What is Suboxone?

Suboxone is the first opioid medication approved under the Drug Addiction Treatment Act of 2000, a federal law for the treatment of opioid dependence in an office-based setting. Suboxone also can be dispensed for take-home use, just as any other medicine for other medical conditions.

The primary active ingredient in Suboxone is “buprenorphine.”

Because buprenorphine is a partial opioid agonist, its opioid effects are limited compared with those produced by full opioid agonists, such as oxycodone or heroin. SUBOXONE also contains naloxone, an opioid antagonist.

How Does Suboxone Maintenance Work??

The naloxone in SUBOXONE is there to discourage people from dissolving the tablet and injecting it. When SUBOXONE is placed under the tongue, as directed, very little naloxone reaches the bloodstream, so the patient feels only the effects of the buprenorphine. However, if naloxone is injected, it can cause a person dependent on a full opioid agonist to quickly go into withdrawal.

SUBOXONE at the appropriate dose may be used to:

  • Stop or reduce illicit opioid use
  • Help patients stay in treatment using ancillary tools by:

SUBOXONE at the appropriate dose may be used to:

  • Decreasing cravings for opioids
  • Discouraging IV misuse/abuse

What is Methadone?

Methadone is a legal medication produced by licensed pharmaceutical companies using quality control standards. Under a physician’s supervision, it is administered orally on a daily basis with strict program guidelines. When the methadone dosing level is properly adjusted and stable, it should not have adverse effects on mental capability, intelligence, and employability; nor does it interfere with ordinary activities such as driving a car. Patients are able to feel pain and experience emotional reactions. Most importantly, methadone relieves the craving associated with opiate addiction. For methadone patients, typical street doses of opioids are ineffective at producing euphoria, making the use of opioids less desirable.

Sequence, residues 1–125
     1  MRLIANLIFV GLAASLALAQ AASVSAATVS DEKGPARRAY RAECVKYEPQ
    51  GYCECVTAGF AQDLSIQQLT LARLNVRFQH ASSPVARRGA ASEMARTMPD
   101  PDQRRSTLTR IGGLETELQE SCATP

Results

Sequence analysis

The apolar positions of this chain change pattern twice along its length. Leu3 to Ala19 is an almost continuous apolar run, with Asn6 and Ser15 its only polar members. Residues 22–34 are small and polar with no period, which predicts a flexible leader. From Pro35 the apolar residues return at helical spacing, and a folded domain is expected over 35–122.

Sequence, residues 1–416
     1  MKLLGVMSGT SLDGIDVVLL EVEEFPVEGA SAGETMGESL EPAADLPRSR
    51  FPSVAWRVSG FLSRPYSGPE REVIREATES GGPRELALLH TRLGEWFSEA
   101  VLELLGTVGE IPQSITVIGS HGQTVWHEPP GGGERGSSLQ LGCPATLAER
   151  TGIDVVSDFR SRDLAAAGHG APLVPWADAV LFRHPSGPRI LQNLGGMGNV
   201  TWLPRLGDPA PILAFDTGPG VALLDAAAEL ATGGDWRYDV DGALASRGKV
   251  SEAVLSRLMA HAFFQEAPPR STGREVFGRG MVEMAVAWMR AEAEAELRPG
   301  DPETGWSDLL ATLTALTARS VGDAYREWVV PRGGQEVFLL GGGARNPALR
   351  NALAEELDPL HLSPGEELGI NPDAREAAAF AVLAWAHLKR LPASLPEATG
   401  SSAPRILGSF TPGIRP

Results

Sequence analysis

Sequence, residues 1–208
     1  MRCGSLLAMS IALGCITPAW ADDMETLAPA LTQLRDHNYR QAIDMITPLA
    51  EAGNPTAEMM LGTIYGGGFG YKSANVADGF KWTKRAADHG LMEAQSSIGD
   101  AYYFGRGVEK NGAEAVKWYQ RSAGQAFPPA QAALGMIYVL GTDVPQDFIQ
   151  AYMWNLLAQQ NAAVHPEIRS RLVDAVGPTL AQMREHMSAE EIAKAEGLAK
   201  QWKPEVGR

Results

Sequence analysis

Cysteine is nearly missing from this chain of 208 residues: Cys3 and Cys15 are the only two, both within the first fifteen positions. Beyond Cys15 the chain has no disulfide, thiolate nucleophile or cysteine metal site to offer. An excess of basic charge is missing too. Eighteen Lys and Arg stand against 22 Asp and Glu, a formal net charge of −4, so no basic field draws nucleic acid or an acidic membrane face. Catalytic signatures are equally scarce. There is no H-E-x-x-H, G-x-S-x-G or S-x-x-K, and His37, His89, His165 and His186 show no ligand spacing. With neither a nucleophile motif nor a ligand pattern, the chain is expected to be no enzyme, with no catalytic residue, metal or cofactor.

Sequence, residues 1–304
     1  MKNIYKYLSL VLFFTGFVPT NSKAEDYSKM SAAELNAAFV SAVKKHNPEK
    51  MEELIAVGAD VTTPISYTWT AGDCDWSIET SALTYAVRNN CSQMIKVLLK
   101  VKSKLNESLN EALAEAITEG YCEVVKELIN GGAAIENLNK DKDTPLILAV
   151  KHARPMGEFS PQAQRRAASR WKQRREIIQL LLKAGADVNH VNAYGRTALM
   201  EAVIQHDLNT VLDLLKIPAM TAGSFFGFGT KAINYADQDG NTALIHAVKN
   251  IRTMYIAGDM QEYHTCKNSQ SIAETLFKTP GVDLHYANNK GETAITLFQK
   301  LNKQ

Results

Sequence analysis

Methadone is a long-acting opioid* medication that is used for pain relief and when combined with counseling and psychosocial services may be used to treat opioid addiction. Methadone is a rigorously well-tested medication that is safe and efficacious for the treatment of narcotic withdrawal and dependence. For more than 50 years this synthetic narcotic has been used to treat opioid addiction.

How Does Methadone Maintenance Work?

  • Methadone helps normalize your body’s neurological and hormonal functions that have been impaired by the use of heroin or the abuse of other short-acting opioids.
  • Methadone reduces or eliminates craving for opiate drugs.
  • Prevents onset of withdrawal for 24 hours or more.
  • Blocks the euphoric (rush or high) effects of other opioids
  • Promotes improvement in physical and emotional health
  • Improves overall quality of life.

Consequently, methadone patients do not experience the extreme highs and lows that result from the waxing and waning of opiates in blood levels. Ultimately, the patient remains physically dependent on the opioid, but is freed from the uncontrolled, compulsive, and disruptive behavior seen in opiates addicts.

Methadone produces no serious side effects, although some patients experience minor symptoms such as constipation, water retention, drowsiness, skin rash, excessive sweating, and changes in libido. Once methadone dosage is stabilized, these symptoms usually subside.

*Opioids are a group of drugs that work on the central nervous system. They include: codeine, morphine, heroin as well as synthetic drugs such as oxycodone, oxycontin, hydrocodone and methadone.